Cabin Fever Is A Young, Witty Snapshot Of Lockdown Love, Film Companion
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Director: Pranav Bhasin
Writers: Pranav Bhasin, Sanskriti Shukla
Cast: Arnav Bhasin, Sanskriti Shukla
Editor: Pralay Valanju
Producer: Ritviz, Jugaad Motion Pictures
Streaming on: YouTube

Cabin Fever is one of the cooler lockdown-set stories produced in the last six months. A three-part mini-series of video calls between a stir-crazy young couple, Cabin Fever is directed by Pranav Bhasin. Bhasin is a classic OTT creator: his voice oozes observational wit, and like several sketch-centric artists involved in the TVF revolution, he uses wry comedy to reveal the eccentricities and fears of an entire generation. Only recently I watched his short, Wolf of Chawl Street, a wicked slumdog satire about a Mumbai-based graffiti “artist” who gets inspired by Banksy. Shot as a mockumentary, it shows up an entire filmmaking format as well as an oft-fetishized urban subculture. Arnav Bhasin, the Wolf actor, also stars in Cabin Fever – another poker-faced riff on the millennial grammar of conflict. The writing, non-serious as it may seem, blurs the line between sarcastic parody and endearing romedy.

Here Arnav is Jounty, a hyper-energetic and juvenile 20-something: the sort of almost-adult who has no filter, zero political correctness and a stream-of-consciousness Bandra-street chatter that’s more of a defense mechanism against silence/isolation. Some might say he has the fluid jello-mind of a restless artist. Yet he’d be the hero’s sidekick – a “sample” – in a full-length movie. Naturally, he appears as “Jounty Hustler” on the phone of his girlfriend, Sanskriti, who sounds more like a concerned mother than a partner to the good-hearted man-child. In the first episode, Sanskriti tries to talk him out of cycling and eloping to a remote village on the 7th day of lockdown. In the second episode, Sanskriti, preoccupied with her work-from-home job, tries to talk him out of sending a rap song as his CV for a job application. In the third episode, on the eve of their first meeting in 95 days, a paranoid Sanskriti tries to talk him out of organizing and live-streaming India’s first post-lockdown rap concert.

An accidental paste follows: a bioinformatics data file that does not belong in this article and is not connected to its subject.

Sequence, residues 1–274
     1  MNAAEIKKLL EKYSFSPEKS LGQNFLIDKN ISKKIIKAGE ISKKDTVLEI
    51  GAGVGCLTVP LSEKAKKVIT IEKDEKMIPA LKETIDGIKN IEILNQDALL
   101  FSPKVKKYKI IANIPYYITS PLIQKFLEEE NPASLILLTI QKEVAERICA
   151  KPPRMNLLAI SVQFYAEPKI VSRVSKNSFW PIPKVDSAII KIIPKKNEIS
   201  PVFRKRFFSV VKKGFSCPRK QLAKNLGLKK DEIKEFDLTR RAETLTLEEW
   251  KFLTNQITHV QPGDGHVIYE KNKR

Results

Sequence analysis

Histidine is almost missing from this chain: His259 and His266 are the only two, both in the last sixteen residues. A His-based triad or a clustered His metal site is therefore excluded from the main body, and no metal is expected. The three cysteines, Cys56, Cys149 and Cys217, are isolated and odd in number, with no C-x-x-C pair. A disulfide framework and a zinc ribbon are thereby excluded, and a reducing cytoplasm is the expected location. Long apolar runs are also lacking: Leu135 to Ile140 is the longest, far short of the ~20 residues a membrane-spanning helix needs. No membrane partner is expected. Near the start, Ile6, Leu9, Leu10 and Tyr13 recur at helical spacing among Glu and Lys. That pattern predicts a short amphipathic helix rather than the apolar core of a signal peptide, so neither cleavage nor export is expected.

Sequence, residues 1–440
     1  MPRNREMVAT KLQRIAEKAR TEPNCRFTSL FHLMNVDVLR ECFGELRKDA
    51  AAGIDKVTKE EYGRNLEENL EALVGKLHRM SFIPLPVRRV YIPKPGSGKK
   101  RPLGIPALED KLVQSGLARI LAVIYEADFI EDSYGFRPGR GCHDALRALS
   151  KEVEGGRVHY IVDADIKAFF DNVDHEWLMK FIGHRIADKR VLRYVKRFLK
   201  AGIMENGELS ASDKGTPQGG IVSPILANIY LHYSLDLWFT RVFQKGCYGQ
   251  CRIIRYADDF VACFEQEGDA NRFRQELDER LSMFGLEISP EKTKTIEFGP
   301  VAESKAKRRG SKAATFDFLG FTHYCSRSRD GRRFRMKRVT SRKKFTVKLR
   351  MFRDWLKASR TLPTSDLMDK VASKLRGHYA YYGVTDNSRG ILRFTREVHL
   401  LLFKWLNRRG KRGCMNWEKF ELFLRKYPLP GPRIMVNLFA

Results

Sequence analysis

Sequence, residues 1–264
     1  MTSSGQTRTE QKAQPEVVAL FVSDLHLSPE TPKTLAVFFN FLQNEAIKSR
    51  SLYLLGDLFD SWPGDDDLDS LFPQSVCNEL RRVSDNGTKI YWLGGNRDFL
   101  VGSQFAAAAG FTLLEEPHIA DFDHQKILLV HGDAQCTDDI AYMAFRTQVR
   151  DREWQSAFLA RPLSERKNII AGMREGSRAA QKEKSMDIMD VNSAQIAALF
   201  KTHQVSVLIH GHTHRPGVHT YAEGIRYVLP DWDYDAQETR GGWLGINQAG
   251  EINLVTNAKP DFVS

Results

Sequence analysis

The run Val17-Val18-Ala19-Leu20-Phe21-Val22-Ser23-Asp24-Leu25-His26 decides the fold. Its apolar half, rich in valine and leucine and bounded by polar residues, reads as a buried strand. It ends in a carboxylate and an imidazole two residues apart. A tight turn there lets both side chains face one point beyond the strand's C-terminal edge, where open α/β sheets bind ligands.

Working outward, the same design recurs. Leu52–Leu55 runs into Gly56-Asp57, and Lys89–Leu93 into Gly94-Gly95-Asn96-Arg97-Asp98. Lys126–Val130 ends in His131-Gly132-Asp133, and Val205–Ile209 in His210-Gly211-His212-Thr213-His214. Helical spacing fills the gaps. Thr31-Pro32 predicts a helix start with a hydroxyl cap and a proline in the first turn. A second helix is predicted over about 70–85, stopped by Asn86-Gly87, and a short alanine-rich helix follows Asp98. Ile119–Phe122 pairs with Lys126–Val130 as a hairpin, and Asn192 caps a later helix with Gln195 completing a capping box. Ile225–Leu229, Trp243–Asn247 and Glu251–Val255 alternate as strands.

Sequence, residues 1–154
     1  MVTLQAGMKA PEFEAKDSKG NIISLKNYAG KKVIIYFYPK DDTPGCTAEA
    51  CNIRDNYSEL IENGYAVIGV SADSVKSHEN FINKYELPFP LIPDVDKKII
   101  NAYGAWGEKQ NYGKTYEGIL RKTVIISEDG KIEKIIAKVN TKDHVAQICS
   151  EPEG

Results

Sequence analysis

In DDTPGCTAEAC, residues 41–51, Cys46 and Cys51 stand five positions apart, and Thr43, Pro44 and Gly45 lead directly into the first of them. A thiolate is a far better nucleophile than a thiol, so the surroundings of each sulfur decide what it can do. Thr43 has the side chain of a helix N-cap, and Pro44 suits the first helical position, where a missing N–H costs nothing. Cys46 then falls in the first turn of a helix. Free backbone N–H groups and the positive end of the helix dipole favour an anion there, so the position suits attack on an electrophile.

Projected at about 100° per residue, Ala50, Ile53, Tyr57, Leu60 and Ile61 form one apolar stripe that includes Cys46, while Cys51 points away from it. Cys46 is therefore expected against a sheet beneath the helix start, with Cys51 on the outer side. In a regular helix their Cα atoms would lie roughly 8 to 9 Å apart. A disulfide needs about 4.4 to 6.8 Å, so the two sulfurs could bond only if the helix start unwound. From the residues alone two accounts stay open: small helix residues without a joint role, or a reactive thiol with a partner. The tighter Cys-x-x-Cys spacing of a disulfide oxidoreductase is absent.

The three episodes represent three separate phases of quarantine frustration: the cops and curfews are still a big deal in the first, humans and cabs can be seen in the third. It helps that the episodes seem to be shot that way, too – in real-time, at different points of the year, instead of shooting to recreate the feelings of the May-June-September periods. As a result, the actors don’t need to pretend to be part of a premise. Their conversations then aren’t built to impart information. Jounty’s impulses may sound surreal, and almost sardonic, but it ties in well with his personality; their chemistry – his “dumbness” gets on her nerves, he is both oblivious and sensitive about her words – denotes a comfortable college-sweetheart equation, where one has eased into the role of the caregiver and the other, a patient.

More importantly, it feels like the makers too are coming to terms with the newness of circumstances. They aren’t creating with the benefit of hindsight. Jounty speaks to Sanskriti but he’s really speaking to himself, and Sanskriti is so busy course-correcting and reacting to his decisions that she forgets to think for herself. You can sense that these characters aren’t used to being apart. Their descent into madness is a result of both stillness and distance: a consequence of all their flaws and hopes trapped in a cage.

Watching millennials describe their days is like watching the rich speak about recession – dysfunction has desensitized them for so long that they’re unable to distinguish between problems and privilege. But you feel for Jounty and Sanskriti because they, like the rest of us, are struggling to confront the sudden pointlessness of life. Every breathless anecdote – for instance, when Jounty narrates why his television set is now hanging over his balcony (“the watchman watches the news now”) – is so straight-faced that the funniness doesn’t feel random. It feels accidental and, at times, oddly poignant. Like vulnerability wearing the desperation of humour. After all, comedy with context is merely tragedy without text. 

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